Russian President Vladimir Putin is arriving in Greece on May 28, with the main subject topping his agenda being the promotion of a new conduit for the transmission of Russian natural gas via Bulgaria and Greece, including the utilization of the plan for the Interconnector Greece-Italy (IGI) pipeline.
The Russian president’s energy agenda also includes the revival of Russian companies’s interest in the privatizations of the Public Gas Corporation (DEPA) and Hellenic Petroleum, should they go ahead, as well as Russian electricity companies’ joint ventures with Public Power Corporation (PPC). The Russian interest in Thessaloniki Port Authority and Trainose will also be reassessed.
Putin’s visit to Athens is seen as politically important both for the Russian side, which is looking forward to Greece’s support for the promotion of its new geopolitical strategy in the broader region, and for the Greek government, which will again attempt to use the Russian interest as an asset in its crucial negotiations with the eurozone.
After abandoning the South Stream and Turkish Stream pipeline plans, as well as the problematic Ukrainian route, Moscow is seeking to redraw the map for transmitting Gazprom’s gas to Southern Europe. Its aim remains to beat off competition from the Trans Adriatic Pipeline (TAP), which will channel Azeri gas to the European market.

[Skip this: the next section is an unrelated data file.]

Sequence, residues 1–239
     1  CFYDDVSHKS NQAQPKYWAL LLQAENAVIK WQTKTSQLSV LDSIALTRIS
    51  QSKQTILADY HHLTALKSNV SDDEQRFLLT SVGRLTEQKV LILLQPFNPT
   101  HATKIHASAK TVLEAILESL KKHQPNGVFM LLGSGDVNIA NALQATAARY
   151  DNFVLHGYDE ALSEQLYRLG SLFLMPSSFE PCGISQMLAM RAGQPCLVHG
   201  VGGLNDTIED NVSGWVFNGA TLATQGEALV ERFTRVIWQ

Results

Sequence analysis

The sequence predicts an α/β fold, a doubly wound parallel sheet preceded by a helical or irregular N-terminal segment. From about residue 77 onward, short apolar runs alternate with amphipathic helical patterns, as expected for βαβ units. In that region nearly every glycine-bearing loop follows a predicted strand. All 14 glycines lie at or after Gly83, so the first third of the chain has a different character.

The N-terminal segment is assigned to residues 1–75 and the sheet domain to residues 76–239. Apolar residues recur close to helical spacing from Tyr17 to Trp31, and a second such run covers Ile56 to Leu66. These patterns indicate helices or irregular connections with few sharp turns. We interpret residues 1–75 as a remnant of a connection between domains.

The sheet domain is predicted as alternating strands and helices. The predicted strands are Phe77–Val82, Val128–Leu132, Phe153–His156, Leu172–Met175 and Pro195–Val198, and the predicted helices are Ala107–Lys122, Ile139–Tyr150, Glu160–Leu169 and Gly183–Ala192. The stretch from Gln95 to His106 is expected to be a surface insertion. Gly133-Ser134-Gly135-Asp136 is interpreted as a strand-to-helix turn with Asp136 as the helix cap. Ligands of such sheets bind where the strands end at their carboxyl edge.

In that context, and despite opposition from Brussels and Washington, Moscow has secured the support of Greece and Italy for the rescheduling of IGI, originally planned as a project to help reduce European Union dependence on Russia in terms of gas sources and routes.
The first expression of support from Athens and Rome for that Russian initiative came in February in the signing of a memorandum of cooperation by DEPA, Italy’s Edison and Gazprom, regarding the examination of the IGI plan’s possible resurrection. During his Athens visit Putin will seek to secure further support from the Greek side in return for Russia’s support in the Greek privatizations program.
As statements by Energy Minister Panos Skourletis have shown, the Greek government also expects Russian support in implementing a plan for private investors to form partnerships with PPC regarding the operation of existing or new electricity production units in order to avoid the current painful plan to sell off plants. It was the Russian side that started this discussion, citing Greece’s obligations concerning older offsetting measures related to the first contracts for the supply of natural gas. Now Moscow is demanding the direct concession of the lignite reserve at Vevi, near Florina.